As the conflict in Ukraine heads towards the colder months of the year, some of Europe’s gas consumers wonder if they should brace for supply disruptions from its biggest provider, Russia. Russia’s energy exports have been subject to political maneuvering as Europe and Moscow clashed over the war in Ukraine. Dutch gas transmission operator, Gasunie Transport Services (GTS), has guaranteed, however, there would be no lack of gas supply in the Netherlands in the coming winter even if Russian gas stops flowing.
The company carried out a risk analysis of all possible scenarios and found that even in case of a complete cessation of Russian supplies, mandatory shutdowns can be avoided. “It is good news for Dutch customers that, as long as certain conditions are met, there will be no mandatory shut-off of the gas supply for consumers over the coming winter,” GTS director Bart Jan Hoevers says. “Other emergency measures such as extra production from the Groningen field do not appear to be necessary in the coming months either. What remains essential, however, is that we reduce our natural gas consumption together. It is also essential that measures be taken to ensure sufficient gas in the gas stores and a maximum supply of LNG.”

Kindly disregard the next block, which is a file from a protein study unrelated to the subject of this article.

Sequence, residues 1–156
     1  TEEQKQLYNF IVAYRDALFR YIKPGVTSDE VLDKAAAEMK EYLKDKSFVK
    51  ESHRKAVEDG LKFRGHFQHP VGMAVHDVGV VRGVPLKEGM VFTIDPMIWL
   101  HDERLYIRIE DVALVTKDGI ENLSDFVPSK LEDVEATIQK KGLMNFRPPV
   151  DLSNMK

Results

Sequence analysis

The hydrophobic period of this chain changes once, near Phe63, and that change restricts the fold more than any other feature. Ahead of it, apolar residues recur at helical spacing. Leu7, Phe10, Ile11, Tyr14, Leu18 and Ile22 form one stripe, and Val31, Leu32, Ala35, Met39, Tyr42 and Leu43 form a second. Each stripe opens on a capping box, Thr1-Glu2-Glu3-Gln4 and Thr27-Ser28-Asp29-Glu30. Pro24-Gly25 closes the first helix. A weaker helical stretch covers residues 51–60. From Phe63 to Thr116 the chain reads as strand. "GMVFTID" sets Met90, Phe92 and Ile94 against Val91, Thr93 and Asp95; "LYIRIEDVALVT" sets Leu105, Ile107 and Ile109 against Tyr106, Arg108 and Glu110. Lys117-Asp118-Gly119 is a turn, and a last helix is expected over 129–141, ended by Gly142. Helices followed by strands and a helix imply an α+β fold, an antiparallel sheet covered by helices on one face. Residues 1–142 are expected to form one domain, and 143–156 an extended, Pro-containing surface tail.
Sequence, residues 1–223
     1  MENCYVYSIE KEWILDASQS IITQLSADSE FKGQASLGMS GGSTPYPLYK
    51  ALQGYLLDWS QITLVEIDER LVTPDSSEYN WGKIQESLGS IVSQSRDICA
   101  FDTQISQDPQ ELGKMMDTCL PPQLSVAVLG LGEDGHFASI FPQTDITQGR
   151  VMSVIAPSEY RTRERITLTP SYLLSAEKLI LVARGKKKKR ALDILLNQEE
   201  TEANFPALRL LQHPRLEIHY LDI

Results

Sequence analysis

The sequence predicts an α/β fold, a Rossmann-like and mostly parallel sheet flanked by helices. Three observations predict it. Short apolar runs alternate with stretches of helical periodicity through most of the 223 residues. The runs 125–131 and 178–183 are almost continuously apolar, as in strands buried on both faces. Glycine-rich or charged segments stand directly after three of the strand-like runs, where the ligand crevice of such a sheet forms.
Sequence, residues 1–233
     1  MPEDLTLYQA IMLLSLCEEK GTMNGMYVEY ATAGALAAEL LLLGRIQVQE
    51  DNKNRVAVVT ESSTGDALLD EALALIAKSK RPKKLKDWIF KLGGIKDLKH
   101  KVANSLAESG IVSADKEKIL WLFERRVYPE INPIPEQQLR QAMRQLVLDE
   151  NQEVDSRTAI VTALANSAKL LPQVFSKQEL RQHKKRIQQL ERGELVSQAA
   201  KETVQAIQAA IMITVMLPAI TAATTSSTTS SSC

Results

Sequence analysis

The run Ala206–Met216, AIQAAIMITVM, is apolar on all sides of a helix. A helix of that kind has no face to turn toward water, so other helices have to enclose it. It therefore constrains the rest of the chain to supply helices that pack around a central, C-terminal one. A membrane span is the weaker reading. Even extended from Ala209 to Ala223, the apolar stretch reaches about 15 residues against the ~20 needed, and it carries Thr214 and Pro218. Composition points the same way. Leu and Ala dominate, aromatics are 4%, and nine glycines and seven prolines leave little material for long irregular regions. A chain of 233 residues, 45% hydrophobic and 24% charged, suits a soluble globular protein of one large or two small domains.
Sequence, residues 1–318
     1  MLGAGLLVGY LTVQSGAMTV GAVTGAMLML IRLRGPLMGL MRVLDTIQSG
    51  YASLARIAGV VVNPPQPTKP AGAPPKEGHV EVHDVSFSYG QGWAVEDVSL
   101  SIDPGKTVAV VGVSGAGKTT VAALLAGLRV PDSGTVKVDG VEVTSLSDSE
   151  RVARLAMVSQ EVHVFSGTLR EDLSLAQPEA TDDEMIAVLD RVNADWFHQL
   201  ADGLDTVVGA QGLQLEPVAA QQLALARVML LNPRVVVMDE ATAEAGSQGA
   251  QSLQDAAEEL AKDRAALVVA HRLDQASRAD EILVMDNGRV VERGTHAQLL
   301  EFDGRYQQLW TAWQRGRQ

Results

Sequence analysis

Market demand for gas has declined by 20% due to high prices, which helps to fill gas storage facilities as quickly as possible, GTS says. The Netherlands may also increase coal-fired power generation over the coming six to eighteen months as an emergency gas saving measure. “Dutch gas stores are filled to at least 80%. It is expected that even if the current shutdown of Nord Stream 1 lasts longer, the gas storage facilities can be filled sufficiently to achieve the target of 80%,” the company promises.
In addition, Gasunie subsidiary EemsEnergyTerminal has contracted 7 billion cubic metres of liquefied natural gas per year to be delivered to its terminals in Eemshaven in order to reduce the country dependence on Russian energy.